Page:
"The Israeli occupation has no red lines, which is exposed when its soldiers enter Ramallah and other Palestinian cities on a daily basis," Adnan al-Damiri, a spokesman for the PA Security Services, asserted to The Media Line. "In addition to breaking into al-Aksa Mosque, this proves Israel has no discipline and that its right-wing extremist government operates outside the realm of morality.
"Israel kills our children, arrests our women and, in cooperation with the American administration, has destroyed the two-state solution," he contended, adding that "security coordination does not involve violating Palestinian rights."
Al-Damiri revealed that the Palestinian National Council already has decided to re-evaluate its relationship with Israel, whereas "President Abbas recently spoke clearly with the Israelis about amending the  Paris [Economic] Protocol but there has been no follow-up and so the PA is considering terminating the deal."
Dr. Asad al-Awiwi, a political analyst and professor at Al-Quds Open University, believes that Abbas is in a precarious position, "as the IDF incursions, while not new, show that the military can carry out whatever it wants whenever it wants in the West Bank.
"Even though the Palestinian side is in some way informed before operations in Area A," he expounded to The Media Line, "the missions reflect negatively on and are embarrassing for the PA which tries to exert power over the people without the ability to safeguard them."
All of this exemplifies how unrest on the ground inevitably morphs into political-diplomatic battles geared towards winning over domestic and international opinion. Case in point is the repetition Monday by Prime Minister Netanyahu of the oft-heard accusation that ultimate responsibility for West Bank terrorism lies with the PA because of its dissemination of anti-Israel propaganda through official media organs. For her part, Justice Minister Ayelet Shaked of the Jewish Home party attempted to outflank the premier from the right by calling for Ofra's annexation, claiming that "the legal opinion draft for [such a move] is ready."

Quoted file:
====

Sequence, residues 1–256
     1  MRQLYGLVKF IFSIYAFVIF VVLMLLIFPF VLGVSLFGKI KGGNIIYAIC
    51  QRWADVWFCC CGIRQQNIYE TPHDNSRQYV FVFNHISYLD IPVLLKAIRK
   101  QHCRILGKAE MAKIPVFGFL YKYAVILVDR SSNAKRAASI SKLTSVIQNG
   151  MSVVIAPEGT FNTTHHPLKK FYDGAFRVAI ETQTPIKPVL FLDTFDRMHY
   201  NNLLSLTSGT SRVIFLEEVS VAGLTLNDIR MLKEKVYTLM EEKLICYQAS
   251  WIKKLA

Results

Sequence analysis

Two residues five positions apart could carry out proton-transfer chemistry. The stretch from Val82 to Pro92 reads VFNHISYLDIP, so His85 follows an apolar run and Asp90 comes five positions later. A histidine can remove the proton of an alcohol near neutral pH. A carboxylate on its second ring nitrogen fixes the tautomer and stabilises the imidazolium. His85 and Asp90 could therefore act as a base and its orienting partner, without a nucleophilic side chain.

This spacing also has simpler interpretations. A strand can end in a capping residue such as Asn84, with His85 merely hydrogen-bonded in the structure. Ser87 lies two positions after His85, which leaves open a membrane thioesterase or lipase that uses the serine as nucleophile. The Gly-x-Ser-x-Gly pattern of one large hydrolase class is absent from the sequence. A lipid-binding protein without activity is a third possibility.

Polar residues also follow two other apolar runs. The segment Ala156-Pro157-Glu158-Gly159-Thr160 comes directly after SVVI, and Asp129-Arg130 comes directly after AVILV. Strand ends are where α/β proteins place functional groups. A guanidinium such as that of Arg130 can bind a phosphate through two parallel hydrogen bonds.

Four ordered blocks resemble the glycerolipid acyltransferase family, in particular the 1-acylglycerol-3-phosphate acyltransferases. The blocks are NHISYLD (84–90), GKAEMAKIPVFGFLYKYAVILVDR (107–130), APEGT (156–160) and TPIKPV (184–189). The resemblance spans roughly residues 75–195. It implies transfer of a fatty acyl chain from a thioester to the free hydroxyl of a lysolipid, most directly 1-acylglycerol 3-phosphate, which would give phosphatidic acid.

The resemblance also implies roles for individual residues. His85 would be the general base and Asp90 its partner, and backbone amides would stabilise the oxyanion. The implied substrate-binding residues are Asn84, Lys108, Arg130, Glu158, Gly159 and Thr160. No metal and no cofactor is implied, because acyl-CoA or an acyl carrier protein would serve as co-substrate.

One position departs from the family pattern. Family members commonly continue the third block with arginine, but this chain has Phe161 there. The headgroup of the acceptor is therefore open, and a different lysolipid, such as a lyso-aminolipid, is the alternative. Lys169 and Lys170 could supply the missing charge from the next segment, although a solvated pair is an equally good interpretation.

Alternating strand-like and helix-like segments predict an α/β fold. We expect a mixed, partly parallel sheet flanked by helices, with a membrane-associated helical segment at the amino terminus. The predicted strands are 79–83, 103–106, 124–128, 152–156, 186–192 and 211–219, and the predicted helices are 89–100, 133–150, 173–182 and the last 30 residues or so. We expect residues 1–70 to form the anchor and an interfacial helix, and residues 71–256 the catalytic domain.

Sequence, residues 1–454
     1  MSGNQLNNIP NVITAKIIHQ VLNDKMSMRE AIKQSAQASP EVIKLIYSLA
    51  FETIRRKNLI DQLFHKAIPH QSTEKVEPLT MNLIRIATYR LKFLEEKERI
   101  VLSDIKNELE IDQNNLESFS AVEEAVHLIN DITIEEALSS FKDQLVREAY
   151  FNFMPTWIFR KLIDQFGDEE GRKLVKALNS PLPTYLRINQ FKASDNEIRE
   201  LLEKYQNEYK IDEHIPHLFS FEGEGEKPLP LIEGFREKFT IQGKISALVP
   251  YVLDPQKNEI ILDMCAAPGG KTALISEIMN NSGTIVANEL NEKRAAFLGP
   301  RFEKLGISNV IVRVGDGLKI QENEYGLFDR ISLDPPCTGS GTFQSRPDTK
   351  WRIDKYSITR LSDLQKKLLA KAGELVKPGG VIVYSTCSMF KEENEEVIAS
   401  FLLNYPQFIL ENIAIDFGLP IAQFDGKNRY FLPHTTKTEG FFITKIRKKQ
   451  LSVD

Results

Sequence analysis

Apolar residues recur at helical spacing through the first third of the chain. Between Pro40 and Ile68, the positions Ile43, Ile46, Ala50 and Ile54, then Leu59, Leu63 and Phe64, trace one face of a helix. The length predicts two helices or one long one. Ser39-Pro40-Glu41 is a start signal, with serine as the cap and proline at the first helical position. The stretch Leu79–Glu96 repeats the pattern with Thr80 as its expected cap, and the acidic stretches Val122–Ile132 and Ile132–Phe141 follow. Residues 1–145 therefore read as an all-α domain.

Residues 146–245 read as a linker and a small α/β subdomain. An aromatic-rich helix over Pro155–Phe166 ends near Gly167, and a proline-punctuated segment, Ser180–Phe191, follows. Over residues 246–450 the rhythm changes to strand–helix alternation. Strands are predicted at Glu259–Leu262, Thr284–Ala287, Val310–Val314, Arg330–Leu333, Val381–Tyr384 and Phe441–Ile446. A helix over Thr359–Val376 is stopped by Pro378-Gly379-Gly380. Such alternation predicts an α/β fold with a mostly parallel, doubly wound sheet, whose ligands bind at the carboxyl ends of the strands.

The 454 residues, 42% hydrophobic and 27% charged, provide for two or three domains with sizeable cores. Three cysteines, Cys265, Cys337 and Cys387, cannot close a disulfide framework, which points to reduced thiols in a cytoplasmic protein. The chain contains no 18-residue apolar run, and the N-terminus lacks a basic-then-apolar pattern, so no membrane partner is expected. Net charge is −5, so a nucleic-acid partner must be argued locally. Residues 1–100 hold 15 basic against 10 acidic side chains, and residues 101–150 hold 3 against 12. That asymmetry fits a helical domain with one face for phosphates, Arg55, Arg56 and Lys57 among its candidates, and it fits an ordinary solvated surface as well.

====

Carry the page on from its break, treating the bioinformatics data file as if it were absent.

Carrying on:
On the flip side, the PA emphasized that the shooting occurred at a location under total Israeli administrative and security control and therefore it is "inconceivable" to hold Ramallah accountable. Abbas also placed phone calls to numerous foreign leaders to urge them to condemn Israeli "acts of aggression," while chief Palestinian peace negotiator Saeb Erekat denounced the ongoing search as a “deliberate and reckless campaign led by the Israeli government and its army against the people of Palestine.”
Overseas, American officials highlighted that the Ofra attack came just days after the United Nations General Assembly rejected a resolution to condemn the Hamas regime in the Gaza Strip, the inference being that a failure to denounce terrorism is tantamount to encouraging it.
Due to the interplay of so many factors "cooperation with the PA suffers from ups and downs," former Shin Bet division head Brig. Gen. (res.) Lior Akerman related to The Media Line. He nevertheless underscored that Israeli forces are "very helpful in thwarting terrorist activity directed against the PA itself and hence the common interest."
Akerman stresses that there is no foolproof strategy to prevent attacks and "in the case of a single terrorist operating without an organizational infrastructure it is more difficult to obtain early intelligence and, as a corollary, to identify suspicious connections and sometimes to locate the hiding place."
In scenarios an assailant is able to evade immediate capture "there are usually ideologically like-minded people that are facilitating the offender," Gefen noted, "and this is why the IDF usually begins by questioning or arresting the suspect's family members."
Experts agree that the end-result of such manhunts is a foregone conclusion given Israel's counter-terrorism expertise. "Even if a perpetrator can sometimes be on the loose for a while," Yatom concluded, "the operation continues until the end because the terrorist is always exposed."
Dima Abumaria contributed to this report